Peter is now at war in court with his two surviving brothers, Alan and John, and his nephew Michael, who say Mick’s wealth should have been split between them all.
Judge Paul Teverson heard that when Mick died without making a will, Peter handled his affairs and arranged the sale of the his house.
Now other brothers Alan and John Ivory along with nephew Michael (pictured) say they are entitled to share of late tube driver Mick’s fortune. Mick died in November 2018 without a will
Peter claims Mick made him promise, while on his deathbed, not to let the rest of the family ‘get their hands on his hard-earned money’ (pictured left is Alan and right John in undated photographs)
Under normal intestacy laws, which apply when someone dies without a will, Alan, John and Michael expected to share the money equally with Peter as Mick’s surviving next of kin.
But Peter says Mick made him promise not to let the rest of his family ‘get their hands on his hard-earned money’.
Peter told the judge he has splashed much of his dead brother’s cash on helping out the poor and homeless, saying: ‘There’s no money left now’.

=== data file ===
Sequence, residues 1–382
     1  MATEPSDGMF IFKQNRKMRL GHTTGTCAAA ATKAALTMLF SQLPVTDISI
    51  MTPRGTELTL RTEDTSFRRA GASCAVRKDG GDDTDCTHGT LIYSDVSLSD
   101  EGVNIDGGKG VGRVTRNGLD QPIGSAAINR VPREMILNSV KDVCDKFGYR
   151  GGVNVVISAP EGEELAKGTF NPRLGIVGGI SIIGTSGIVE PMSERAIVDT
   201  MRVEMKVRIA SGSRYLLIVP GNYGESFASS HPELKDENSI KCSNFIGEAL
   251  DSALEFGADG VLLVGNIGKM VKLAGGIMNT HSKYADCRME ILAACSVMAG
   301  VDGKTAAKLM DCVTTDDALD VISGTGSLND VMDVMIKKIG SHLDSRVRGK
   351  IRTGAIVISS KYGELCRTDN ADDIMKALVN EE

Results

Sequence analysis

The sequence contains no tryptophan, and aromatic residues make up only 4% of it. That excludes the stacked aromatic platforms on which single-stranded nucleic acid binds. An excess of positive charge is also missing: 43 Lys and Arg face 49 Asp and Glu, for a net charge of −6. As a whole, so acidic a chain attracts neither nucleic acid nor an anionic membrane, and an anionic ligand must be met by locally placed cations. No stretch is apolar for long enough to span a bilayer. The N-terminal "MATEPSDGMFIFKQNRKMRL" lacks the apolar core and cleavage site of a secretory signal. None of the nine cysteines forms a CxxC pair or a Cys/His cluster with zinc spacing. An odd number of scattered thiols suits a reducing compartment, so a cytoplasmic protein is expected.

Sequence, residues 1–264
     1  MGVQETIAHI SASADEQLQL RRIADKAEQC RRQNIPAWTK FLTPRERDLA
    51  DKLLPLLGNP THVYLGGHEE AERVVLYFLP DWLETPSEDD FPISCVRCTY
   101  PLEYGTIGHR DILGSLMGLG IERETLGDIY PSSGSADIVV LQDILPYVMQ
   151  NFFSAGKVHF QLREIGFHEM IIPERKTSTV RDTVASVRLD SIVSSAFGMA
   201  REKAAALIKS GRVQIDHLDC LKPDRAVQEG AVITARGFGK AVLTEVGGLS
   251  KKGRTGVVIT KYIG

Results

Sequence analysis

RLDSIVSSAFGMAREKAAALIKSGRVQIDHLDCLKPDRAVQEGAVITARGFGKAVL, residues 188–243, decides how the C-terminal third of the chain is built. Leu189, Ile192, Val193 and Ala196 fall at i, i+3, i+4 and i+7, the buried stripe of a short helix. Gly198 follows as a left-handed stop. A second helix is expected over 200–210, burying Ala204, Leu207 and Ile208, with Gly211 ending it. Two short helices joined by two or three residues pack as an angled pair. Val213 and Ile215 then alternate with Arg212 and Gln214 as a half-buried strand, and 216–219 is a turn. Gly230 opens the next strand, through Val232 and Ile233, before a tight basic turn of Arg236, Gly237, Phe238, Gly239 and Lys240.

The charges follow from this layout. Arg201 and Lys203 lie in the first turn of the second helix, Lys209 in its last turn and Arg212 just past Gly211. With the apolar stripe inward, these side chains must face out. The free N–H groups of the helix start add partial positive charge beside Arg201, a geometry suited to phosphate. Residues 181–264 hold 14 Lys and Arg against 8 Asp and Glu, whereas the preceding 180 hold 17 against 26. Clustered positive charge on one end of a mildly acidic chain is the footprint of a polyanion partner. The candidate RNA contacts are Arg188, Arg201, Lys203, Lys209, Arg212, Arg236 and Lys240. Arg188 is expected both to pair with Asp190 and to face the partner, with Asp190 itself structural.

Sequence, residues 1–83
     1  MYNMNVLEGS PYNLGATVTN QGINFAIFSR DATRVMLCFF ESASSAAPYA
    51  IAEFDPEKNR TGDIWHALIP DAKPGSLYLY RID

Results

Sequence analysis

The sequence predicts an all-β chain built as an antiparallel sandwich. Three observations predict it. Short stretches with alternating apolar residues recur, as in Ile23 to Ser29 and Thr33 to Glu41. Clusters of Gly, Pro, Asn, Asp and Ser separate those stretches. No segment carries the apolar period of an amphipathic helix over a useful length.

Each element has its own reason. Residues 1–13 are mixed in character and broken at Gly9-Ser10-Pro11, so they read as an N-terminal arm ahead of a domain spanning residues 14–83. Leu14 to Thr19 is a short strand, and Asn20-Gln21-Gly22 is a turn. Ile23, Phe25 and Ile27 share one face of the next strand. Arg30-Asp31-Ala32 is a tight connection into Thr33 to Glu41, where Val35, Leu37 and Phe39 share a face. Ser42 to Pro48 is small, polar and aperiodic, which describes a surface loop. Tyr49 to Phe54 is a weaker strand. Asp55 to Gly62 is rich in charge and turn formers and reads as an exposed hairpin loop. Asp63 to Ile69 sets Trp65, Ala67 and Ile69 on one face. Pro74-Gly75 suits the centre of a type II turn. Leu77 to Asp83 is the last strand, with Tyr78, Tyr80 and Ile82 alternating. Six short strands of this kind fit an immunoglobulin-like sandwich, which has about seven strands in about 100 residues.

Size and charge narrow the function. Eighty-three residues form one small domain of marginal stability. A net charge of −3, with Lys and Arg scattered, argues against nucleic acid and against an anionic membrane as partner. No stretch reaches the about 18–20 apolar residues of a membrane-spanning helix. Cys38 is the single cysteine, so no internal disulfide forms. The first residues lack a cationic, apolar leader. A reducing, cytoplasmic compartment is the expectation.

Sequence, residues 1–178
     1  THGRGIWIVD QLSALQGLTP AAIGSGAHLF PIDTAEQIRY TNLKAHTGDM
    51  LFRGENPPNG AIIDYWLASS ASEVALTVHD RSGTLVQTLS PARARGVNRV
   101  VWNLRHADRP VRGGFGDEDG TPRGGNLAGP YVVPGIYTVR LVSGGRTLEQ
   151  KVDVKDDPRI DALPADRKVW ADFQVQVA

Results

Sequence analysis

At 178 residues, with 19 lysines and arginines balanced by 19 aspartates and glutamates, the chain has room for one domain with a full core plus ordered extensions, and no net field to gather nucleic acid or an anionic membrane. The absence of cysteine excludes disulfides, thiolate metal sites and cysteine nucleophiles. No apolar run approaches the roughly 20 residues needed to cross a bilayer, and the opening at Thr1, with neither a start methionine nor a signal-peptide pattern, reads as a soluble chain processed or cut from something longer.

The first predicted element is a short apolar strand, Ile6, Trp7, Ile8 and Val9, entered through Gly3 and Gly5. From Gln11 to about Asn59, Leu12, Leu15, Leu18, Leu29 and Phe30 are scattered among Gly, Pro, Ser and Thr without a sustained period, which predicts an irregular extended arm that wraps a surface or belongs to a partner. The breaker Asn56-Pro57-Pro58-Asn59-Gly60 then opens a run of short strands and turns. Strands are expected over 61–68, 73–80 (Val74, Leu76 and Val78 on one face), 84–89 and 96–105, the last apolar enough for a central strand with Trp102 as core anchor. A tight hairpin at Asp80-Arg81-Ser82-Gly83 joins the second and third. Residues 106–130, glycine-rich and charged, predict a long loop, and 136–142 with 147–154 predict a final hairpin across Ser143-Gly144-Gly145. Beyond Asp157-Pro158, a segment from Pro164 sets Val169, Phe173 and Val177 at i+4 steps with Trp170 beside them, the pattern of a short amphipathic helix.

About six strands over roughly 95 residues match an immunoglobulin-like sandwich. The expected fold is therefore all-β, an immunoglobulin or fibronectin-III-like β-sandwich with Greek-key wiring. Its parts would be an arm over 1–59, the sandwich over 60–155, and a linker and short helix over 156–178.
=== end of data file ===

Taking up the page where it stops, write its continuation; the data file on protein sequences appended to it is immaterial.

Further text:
And he is determined that the rest of the family – including his two surviving brothers Alan and John – should inherit nothing, insisting Mick wanted it that way.
His defence to his nephew and brothers’ claim to share of the estate is based on the legal concept of ‘donatio mortis causa’ meaning a gift given by a sick person close to death.
He says his brother’s deathbed orders meant he was gifted the estate before Mick died, leaving nothing in the pot to divide.
As well as money from the Surrey home and his brother’s dog, Peter also received a collection of rare Osmond Family memorabilia, accumulated by Mick’s wife Pat (pictured with Jimmy Osmond) who died four years before Mick. He is said to have given these items to a fanclub
He told the High Court: ‘Mick told me to keep it all and, if I couldn’t keep it, to give it away. His whole plan was to make sure they didn’t get it.’
He then withdrew £150,000 in cash from the bank for this purpose, Peter added outside court, travelling from his home in Hendon as far afield as Cambridge with his wife Jackie to bail out beggars on the street.
He said: ‘There were a couple of hundred people. I put £150,000 in cash in a bag. It doesn’t take long to give it away.’